7. Photoelectric Sensors Reversal Test

Does the door immediately reverse and return to the fully open position?    Standing inside the garage, but safely away from the path of the door, use the remote control or wall button to close the door. As the door is closing, wave an object in the path of the photoelectric sensor beam.

8. Spring and Hardware Inspection

Are all hardware parts securely and appropriately attached?    With the door in the closed position, visually inspect the springs for damage. Visually check the door hinges, brackets and fasteners. If the door has an operator, check that the method of connecting the operator to the door and to the garage walls is secure.  If the door has operator reinforcement, check that the reinforcement is securely attached to the door.

 

9. Spring Containment

Are counterbalance springs and their attachment components restrained by a cable or shaft?    The counterbalance system is usually comprised of torsion springs, mounted above the door header, or extension springs, which are usually found next to the horizontal tracks. When springs break, containment helps to prevent broken parts from flying dangerously in the garage. Torsion springs are already mounted on a shaft, which inherently provides containment. If the door has extension springs, verify that spring containment is present. Extension springs should be contained by a secure cable running through the center of the springs.

10. Contact Reversal Test

When the door contacts a 2’x4’ laid flat, does the door automatically reverse direction and return to the fully open position?   This check applies to doors with operators. Begin this test with door fully open. Under the center of the door, place a 1‐½” solid object such as a 2’x4’ piece of wood flat on the floor, in the path of the door. Standing inside the garage, but safely away from the path of the door, use remote control or wall button to close the door.

(NOTE:  The door may need servicing, based on findings in Item #3, 4, 6, 7, 8 or 9 above, before this test is conducted.)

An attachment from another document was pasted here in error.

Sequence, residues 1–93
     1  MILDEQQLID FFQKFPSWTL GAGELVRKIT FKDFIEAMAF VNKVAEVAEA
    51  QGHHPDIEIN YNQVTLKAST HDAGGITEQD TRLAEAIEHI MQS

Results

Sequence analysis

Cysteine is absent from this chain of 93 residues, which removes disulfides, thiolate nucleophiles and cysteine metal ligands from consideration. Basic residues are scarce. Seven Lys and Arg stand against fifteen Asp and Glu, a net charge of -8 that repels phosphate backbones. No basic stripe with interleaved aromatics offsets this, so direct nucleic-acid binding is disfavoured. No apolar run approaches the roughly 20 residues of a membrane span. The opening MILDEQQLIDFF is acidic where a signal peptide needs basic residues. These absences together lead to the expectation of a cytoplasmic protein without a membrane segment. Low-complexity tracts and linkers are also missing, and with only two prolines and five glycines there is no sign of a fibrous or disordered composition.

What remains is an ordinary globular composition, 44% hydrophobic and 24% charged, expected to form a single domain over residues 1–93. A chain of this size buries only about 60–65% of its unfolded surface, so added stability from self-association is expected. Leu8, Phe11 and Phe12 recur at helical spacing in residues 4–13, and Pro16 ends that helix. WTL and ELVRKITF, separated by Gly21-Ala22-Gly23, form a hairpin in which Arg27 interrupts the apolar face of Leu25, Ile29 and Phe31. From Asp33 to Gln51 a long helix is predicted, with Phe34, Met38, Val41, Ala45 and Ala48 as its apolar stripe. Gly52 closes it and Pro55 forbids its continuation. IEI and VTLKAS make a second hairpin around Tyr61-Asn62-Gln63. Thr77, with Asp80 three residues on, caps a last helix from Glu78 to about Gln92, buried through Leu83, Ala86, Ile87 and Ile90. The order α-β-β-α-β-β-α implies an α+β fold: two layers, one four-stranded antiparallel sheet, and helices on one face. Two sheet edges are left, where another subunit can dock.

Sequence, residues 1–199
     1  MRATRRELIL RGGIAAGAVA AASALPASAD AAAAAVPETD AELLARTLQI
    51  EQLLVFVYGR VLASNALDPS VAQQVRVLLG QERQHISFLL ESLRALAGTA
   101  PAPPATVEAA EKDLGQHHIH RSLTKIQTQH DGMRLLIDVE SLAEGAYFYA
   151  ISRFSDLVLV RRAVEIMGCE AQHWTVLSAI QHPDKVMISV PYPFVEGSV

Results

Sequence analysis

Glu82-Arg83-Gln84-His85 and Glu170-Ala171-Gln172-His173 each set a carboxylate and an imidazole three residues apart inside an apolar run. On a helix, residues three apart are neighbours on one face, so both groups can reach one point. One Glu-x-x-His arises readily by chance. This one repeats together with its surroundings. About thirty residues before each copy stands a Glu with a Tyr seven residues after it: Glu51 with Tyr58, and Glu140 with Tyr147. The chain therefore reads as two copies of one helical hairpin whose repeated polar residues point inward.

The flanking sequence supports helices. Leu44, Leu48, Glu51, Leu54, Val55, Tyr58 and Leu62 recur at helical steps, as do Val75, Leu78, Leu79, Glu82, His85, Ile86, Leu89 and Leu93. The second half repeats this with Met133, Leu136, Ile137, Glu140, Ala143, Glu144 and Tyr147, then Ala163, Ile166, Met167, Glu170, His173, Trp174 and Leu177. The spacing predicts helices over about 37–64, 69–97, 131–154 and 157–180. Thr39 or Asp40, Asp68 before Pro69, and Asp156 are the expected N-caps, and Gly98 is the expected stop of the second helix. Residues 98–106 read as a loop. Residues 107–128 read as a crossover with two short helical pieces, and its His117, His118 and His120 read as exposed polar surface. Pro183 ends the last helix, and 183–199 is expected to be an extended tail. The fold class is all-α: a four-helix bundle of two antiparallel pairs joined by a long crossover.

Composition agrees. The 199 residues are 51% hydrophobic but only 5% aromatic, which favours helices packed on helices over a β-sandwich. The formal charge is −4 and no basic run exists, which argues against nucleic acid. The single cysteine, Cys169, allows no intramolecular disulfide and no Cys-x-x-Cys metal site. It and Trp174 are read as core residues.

Additional Information

Fact Sheets:

Incident Data:

  • Update of Automatic Garage Door and Garage Door Openers Entrapment Incidents. October 7, 2003

Voluntary Standard and Code Activities:

  • DASMA 166 ANSI Canvas Ballot – December 15, 2006. CPSC staff ANSI Ballot and Letter on Standard for Section Interfaces on Residential Garage Door Systems
  • Correspondence to Underwriters Laboratories, Inc.
  • August 28, 2003. CPSC staff comments regarding proposed requirements for the 5th Edition of UL 325 (Reference: UL Bulletin dated June 16, 2003)

Mandatory Standards:

Underwriters Laboratories Inc.

  • For further information concerning ANSI/UL 325 Standard for Safety for Door, Drapery, Gate, Louver, and Window Operators and Systems, please contact Joe Musso at Joseph.R.Musso@us.ul.com

Door and Access Systems Manufacturers Association (DASMA):

Home Inspector – Home Builder and Building Consultant/Coach

Facebook Twitter LinkedIn Google+ YouTube Vimeo 

Tags: , , ,

Click to Read Comments!

4 Responses to “10 STEPS – HOW TO INSPECT A GARAGE DOOR”

  1. Zequek Estrada December 7, 2016 at 4:17 pm #

    Gary, I appreciated how helpful this was for me. I’ve been thinking about replacing the garage door of this house I just moved into but didn’t know what I should look for. I found it really comforting that these suggestions are focused on increasing safety.

    • Gary Smith December 7, 2016 at 5:24 pm #

      Great! Am glad it was of benefit – so dangerous (these big doors). Largest moving component in the home! Subscribe to our blog and keep up with us over on our home inspection profession support website where we cover interesting topics and news/events affecting the inspection industry. The site: http://www.todayshomeinspector.com

  2. Mike Cooper February 17, 2017 at 12:17 pm #

    I can see why it would be essential to inspect the photoelectric sensors on your garage door. It seems like ours have recently started to break down. It can definitely be a safety hazard, so I know that we should look into having them repaired as fast as possible.

  3. jresquival March 13, 2017 at 7:31 pm #

    I didn’t know garage doors had to have these specific 4 warning labels. I guess that helps keep their users safe. I’ll have to make sure my dorr’s warnings are still there.

Leave a Reply

Loading Facebook Comments ...

No Trackbacks.

Loading...